Palestinian performance poet Rafeef Ziadah on stage with Phil Monsour, with whom she is touring Australia's in late March and April.
We Teach Life
CD & Australian tour
Rafeef Ziadah & Phil Monsour
Rafeef Ziadah is a Palestinian campaigner and spoken word performer of such immense power that she demands to be heard.
I first heard Ziadah perform in October 2010 and I was blown away, leaving an impression that remains fresh to this day.
The performance was at an evening event associated with the first Australian BDS Conference in Melbourne. “BDS” refers to the boycott divestment and sanctions campaign against apartheid Israel, a cause of which Ziadah is a passionate and articulate advocate.
Her contributions to the conference showed she is an informed and experienced campaigner with tactical nous, human warmth and genuine passion for justice. I would gladly listen to her speak any day of the week.
However, her performance poetry takes things to a new level. She is a poet in the best sense of the word: not dry, self indulgent or abstract, but creative, meaningful and rewarding. Her words are crafted to get messages across in a way that simple prose cannot.
Even more than a poet, she is a performer, presenting her work with passion and drama.
This is enhanced by a musical backing that also adds to the power of her performance. We Teach Life — Ziadah's second album — is backed by Brisbane musician Phil Monsour, whose original music helps carry her work.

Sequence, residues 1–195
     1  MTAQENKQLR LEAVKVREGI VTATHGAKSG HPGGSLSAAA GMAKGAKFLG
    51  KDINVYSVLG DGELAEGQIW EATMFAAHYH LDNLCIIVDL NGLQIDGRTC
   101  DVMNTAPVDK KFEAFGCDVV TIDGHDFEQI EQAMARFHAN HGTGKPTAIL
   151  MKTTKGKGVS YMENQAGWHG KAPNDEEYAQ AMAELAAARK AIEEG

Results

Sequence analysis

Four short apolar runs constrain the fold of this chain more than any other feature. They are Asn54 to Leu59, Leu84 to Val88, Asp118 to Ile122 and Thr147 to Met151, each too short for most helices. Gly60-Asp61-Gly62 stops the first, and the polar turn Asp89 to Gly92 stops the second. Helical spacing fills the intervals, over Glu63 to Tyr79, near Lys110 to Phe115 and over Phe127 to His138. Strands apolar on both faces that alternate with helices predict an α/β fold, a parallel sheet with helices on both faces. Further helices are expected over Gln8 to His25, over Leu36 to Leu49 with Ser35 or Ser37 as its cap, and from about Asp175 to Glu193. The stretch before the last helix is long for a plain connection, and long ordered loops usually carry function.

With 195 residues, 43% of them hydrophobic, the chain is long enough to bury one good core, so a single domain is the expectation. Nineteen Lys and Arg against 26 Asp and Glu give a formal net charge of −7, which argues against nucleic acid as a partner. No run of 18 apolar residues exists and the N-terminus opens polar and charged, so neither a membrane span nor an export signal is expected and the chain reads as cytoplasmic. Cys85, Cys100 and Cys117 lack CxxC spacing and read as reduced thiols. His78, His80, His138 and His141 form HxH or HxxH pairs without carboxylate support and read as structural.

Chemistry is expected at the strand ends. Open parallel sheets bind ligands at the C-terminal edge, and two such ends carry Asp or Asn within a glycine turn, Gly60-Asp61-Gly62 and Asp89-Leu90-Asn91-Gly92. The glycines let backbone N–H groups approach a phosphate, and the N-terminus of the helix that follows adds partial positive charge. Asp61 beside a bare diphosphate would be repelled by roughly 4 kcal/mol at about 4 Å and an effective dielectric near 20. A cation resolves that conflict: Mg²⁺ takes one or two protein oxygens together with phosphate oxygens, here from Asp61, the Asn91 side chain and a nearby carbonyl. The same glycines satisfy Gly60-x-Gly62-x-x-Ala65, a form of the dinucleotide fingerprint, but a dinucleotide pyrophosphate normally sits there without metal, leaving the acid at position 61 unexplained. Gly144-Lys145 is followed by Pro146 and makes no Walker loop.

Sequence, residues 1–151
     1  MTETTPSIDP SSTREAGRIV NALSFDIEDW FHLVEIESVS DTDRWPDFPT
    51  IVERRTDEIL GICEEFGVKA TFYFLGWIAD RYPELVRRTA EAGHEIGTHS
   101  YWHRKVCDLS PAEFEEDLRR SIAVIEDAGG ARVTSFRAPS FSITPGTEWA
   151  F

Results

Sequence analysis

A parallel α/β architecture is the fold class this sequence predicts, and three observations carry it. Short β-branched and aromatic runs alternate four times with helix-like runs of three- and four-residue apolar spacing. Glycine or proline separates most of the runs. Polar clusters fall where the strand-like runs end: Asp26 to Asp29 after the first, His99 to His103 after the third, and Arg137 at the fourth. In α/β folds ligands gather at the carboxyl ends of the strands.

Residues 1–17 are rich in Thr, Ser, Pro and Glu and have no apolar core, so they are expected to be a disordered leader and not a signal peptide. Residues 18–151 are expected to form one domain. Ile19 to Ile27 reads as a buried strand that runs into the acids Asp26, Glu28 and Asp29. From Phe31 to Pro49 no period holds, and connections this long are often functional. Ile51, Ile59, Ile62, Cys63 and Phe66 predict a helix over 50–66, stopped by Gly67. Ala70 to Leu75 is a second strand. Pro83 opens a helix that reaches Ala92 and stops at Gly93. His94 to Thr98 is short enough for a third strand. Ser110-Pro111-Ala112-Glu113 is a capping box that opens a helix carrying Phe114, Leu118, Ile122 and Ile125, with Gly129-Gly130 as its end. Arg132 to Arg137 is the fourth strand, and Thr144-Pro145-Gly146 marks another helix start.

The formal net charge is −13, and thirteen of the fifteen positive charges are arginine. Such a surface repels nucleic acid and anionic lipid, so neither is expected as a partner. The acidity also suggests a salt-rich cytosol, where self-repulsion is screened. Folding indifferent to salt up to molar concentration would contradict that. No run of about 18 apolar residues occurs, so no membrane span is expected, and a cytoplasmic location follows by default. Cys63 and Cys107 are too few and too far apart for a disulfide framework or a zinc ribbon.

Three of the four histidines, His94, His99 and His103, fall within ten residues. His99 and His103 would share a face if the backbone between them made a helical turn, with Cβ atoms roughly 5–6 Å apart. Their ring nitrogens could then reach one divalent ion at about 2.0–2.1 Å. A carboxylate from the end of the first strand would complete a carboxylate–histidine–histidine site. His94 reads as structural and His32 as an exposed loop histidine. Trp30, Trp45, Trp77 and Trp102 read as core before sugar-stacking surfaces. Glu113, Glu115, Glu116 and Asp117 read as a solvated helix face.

The two will tour Australia's east coast at the end of March.
The title track — of both her album and tour — is an exemplar of her work. A London performance of “We Teach Life” from 2011 has more than 900,000 views on YouTube.
Video: Rafeef Ziadah - 'We teach life, sir', London 12/11/2011. sternchenproductions.
It was written at the time of Operation Cast Lead — the 2008-09 Israeli assault on Gaza that cost more than 1400 Palestinian lives, overwhelmingly civilians. As a spokesperson for the Palestinian solidarity campaign in Canada, a journalist asked her if the problem would be solved if Palestinians stopped teaching their children hate.
Ziadah's response is a sharp answer to the dishonesty of the establishment media's feigned objectivity, which refuses to call out injustice. She says: “Today, my body was a TV'd massacre that had to fit into sound-bites and word limits…”
This theme of media bias is also taken up in “If my words”: “They ask me for balance, they still ask me for balance/He used to balance his son on his knees and sing/Now he's lost his legs and his son/How can I balance your silence against all the sound of artillery in Gaza?”
However, along the way, her work is peppered with humour and warmth, while never letting go of her powerful message.
Take for example “Passport”, which revolves around the line: “Yesterday I put my hand up in a crowded room and swore an oath to the Queen and all her heirs” (which she pronounces “hairs”).
If you are able to make it along to one of Ziadah's performances in her first tour of Australia, I would strongly recommend it.
Byron Bay: Tues 29 March, Kulchjam Byron Bay.
Brisbane: Wed 30 March, The Greek Club (http://www.trybooking.com/180136)
Melbourne: Thur 31 March, Kaleide Theatre (http://www.trybooking.com/180790)
Sydney: Fri 1 April, Riverside Theatre Parramatta (http://www.riversideparramatta.com.au/show/rafeef-ziadah/)